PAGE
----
M: To add to that point, to become a showrunner or get the opportunity to create your own shows, you have to learn what the writer's room is, and in most cases, you need some on-the-job training. But because large groups of people weren't getting these jobs to begin with... they didn't have the opportunity to create their own shows. 

Now what we're seeing is people have come through the pipeline and they've actually had some training and written on shows. And now they're in the position where they can create their own shows. It's like this long, domino effect. And that started changing a decade ago or more. So, it takes a long time. 

S: I think the big thing is we want to see diverse voices at the top. I think that's what was really great about our writer's room on Rutherford Falls. There was diversity at every level and everyone felt emboldened to speak up and say how they felt. I think feeling that safety in a room is so important, and we really tried to make that happen for everybody. 


In terms of the cast and the writers involved, Rutherford Falls is being referred to as a breakthrough moment for Indigenous representation. Do you think comedy is a good space to get the conversation going around issues that have been under-represented in the past?

S: Absolutely. There's something revolutionary about watching native people be happy on screen and have, like, regular lives. I think, so often, we're kind of either never depicted or depicted as villains or depicted as magical, mystical creatures. To just have us exist and be and have situational comedies, I think that's revolutionary, for sure.


What's your hope overall for Rutherford Falls?

S: I hope viewers laugh. I hope they think it's really, really, really funny.

M: Yeah, that's the first thing. And the most important, no question. 

I went through this a bit on The Good Place where the show had, as its backbone, this really dense moral philosophy stuff. We made a list in the writer's room at the very beginning of season one of six things that every episode had to be in order to be successful. And the [first thing on that list] was that it had to be funny... because philosophy is so boring. I mean, I think it's fascinating, but it's not a very fun subject matter. The only way that a show can be successful in the delivery of any kind of message about anything is if it's entertaining and funny. 

It's similar with Rutherford Falls. The first goal of every episode is, 'Is this story good? Is it funny? Is it entertaining?' Anything that comes after that in terms of big picture discussions about America or history or anything like that – that will only happen if the show is funny, and people like it. 

A lot of viewers rewatched shows like Parks and Recreation, The Office, and Brooklyn Nine-Nine during the pandemic. Why do you think viewers find comfort in these shows?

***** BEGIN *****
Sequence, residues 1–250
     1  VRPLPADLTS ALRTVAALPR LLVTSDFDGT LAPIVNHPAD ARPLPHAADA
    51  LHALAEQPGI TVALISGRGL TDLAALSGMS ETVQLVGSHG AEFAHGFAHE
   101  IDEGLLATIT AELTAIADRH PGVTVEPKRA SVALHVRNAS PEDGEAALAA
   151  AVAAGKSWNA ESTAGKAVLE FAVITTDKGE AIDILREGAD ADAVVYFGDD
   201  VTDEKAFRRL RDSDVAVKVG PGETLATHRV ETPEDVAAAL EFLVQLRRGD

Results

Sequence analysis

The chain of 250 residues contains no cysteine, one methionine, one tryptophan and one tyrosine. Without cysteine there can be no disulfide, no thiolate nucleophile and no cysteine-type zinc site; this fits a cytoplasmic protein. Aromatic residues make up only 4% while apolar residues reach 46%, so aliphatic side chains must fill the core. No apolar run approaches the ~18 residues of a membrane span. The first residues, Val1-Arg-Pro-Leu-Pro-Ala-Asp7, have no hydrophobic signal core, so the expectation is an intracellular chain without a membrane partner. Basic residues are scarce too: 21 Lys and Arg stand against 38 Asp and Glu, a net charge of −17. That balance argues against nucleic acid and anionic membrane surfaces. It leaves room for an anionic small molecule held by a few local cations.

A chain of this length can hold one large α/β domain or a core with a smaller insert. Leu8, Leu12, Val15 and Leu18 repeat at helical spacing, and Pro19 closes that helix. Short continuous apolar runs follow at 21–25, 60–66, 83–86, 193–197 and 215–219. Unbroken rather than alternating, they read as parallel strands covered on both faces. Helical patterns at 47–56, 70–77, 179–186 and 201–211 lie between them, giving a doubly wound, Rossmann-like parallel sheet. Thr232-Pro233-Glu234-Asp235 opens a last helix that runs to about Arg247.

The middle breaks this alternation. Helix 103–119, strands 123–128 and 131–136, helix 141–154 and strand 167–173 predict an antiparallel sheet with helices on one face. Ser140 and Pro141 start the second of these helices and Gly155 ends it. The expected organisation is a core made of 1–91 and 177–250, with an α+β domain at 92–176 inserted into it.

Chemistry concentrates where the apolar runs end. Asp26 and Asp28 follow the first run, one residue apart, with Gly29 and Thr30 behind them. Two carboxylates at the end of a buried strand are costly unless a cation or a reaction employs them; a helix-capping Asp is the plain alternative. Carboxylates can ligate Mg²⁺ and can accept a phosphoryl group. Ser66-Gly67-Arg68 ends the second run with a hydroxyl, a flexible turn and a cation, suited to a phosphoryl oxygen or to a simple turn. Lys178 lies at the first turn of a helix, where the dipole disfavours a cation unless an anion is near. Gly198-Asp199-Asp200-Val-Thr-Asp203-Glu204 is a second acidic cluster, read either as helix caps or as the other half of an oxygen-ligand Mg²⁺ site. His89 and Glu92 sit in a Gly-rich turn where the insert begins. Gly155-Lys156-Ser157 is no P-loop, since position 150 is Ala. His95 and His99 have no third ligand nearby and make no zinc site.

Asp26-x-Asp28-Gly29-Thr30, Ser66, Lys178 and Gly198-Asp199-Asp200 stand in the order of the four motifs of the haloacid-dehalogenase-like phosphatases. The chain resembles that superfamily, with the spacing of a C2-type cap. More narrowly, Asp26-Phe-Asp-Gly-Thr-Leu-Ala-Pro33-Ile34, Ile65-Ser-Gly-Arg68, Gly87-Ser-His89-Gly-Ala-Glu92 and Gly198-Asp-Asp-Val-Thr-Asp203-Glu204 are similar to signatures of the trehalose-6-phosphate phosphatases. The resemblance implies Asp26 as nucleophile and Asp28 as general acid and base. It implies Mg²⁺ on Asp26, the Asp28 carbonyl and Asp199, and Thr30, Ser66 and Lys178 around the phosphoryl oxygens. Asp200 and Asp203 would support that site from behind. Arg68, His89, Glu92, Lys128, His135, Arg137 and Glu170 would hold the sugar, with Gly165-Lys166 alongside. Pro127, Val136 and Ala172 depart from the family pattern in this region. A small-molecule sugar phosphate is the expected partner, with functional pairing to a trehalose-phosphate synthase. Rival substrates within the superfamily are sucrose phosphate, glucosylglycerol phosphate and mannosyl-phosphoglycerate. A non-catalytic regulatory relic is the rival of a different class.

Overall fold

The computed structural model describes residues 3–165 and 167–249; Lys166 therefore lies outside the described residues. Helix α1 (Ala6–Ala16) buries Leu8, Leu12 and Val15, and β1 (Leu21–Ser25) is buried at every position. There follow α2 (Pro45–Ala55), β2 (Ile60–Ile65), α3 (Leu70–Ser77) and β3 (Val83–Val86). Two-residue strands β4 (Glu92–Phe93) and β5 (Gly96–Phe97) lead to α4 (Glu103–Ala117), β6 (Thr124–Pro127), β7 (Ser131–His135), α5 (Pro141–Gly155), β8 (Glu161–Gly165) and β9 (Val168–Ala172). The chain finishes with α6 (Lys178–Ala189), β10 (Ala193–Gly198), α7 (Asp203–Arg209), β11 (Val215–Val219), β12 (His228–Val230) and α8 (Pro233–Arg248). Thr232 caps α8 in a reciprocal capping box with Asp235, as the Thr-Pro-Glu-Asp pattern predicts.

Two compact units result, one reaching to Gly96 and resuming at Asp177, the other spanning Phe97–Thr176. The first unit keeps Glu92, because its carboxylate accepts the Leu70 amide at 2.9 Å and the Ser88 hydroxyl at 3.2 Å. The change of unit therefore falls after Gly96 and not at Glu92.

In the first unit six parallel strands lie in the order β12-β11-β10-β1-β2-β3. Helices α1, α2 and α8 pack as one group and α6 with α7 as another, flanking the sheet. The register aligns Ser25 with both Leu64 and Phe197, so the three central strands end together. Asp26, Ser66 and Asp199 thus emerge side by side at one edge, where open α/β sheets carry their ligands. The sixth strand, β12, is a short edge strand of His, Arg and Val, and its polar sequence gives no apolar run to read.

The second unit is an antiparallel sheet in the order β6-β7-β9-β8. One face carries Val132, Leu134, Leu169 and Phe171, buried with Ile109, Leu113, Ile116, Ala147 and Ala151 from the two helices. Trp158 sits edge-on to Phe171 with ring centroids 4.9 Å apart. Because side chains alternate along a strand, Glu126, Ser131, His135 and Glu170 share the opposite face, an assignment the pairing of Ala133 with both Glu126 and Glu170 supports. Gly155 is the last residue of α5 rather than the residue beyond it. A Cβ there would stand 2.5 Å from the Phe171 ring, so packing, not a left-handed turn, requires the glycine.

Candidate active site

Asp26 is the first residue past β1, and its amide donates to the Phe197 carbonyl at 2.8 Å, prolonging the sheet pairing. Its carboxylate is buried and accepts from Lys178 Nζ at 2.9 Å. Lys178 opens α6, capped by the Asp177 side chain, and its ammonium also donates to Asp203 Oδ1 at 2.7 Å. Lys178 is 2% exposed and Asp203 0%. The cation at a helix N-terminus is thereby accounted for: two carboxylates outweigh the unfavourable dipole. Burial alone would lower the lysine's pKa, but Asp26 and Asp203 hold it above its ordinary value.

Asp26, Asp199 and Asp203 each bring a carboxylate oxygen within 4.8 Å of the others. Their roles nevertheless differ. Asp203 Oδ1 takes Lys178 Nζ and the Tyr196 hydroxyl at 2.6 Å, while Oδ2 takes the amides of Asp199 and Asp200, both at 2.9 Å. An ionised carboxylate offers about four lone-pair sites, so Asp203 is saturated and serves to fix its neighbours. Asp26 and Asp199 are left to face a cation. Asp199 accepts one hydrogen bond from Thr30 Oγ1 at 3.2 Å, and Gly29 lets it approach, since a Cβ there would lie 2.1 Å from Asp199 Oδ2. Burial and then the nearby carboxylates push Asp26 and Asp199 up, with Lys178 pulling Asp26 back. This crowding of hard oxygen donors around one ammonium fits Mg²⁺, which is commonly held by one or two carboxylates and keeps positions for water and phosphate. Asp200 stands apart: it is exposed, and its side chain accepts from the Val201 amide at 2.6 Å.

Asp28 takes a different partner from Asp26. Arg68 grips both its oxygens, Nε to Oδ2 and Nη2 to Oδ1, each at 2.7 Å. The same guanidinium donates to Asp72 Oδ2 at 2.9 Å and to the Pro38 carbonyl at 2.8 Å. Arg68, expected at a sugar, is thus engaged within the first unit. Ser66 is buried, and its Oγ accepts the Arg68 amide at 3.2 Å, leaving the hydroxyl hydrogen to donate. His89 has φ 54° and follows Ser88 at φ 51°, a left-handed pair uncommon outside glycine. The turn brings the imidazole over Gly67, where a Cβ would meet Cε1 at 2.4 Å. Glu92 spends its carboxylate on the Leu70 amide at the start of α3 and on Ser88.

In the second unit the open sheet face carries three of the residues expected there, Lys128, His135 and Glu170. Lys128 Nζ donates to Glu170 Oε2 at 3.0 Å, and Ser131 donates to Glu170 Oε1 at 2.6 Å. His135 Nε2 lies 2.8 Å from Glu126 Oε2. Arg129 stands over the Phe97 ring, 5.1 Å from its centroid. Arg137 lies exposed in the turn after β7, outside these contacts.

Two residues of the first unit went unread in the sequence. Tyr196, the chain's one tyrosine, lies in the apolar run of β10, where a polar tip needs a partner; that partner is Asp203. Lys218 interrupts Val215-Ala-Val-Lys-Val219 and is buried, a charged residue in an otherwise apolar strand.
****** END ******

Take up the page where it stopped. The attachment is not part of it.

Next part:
S: I found this thing on Instagram – where I get all my science, so get ready – where they said that people watch things that they've seen before because they don't feel any anxiety about how it's going to end. It's almost like a warm blanket, because you know where you're headed. You just get to watch it and enjoy it, and you don't feel any apprehension about what's going to happen. 


Jana Schmieding as Reagan Wells in Rutherford Falls. Image: Stan.

M: I'll say this too, the entire landscape of TV has changed. I could make a whole podcast just about this subject, so I'll try not to bore you. But the thing that TV has over movies is you get to tell character's stories over very long periods of time. It's very, I think, human to want to see a story told about a group of people that you like... and to see them slowly changing and maturing.


That is the great advantage of television over every other art form. And I worry a bit, frankly, about this new world where every show is 10 episodes long. There's 125 Parks and Recreation episodes, 200 episodes of The Office, and 150-something Brooklyn Nine-Nine episodes, and you can settle in to this lovely, comforting re-watch where you get to see these people age and mature over years and years and years. And now, shows do 30 episodes and it's like, 'Alright, we're done. We're moving on.' 

And it's not that there aren't certain stories that should be told in 30 or 40 episodes. But I think it seems to be on the way out and that makes me sad. Every night I go to bed and watch an episode of Cheers – that show is from 40 years ago – and I still can't believe how comforting it is to watch it. 

I worry that we're heading for a world where the longest running TV show is gonna be a 50-episode deal where you can watch the whole thing in one long plane ride.

Rutherford Falls premieres April 23 only on Stan, with all episodes available at once.

This interview has been edited for length and clarity.

Feature Image: Stan.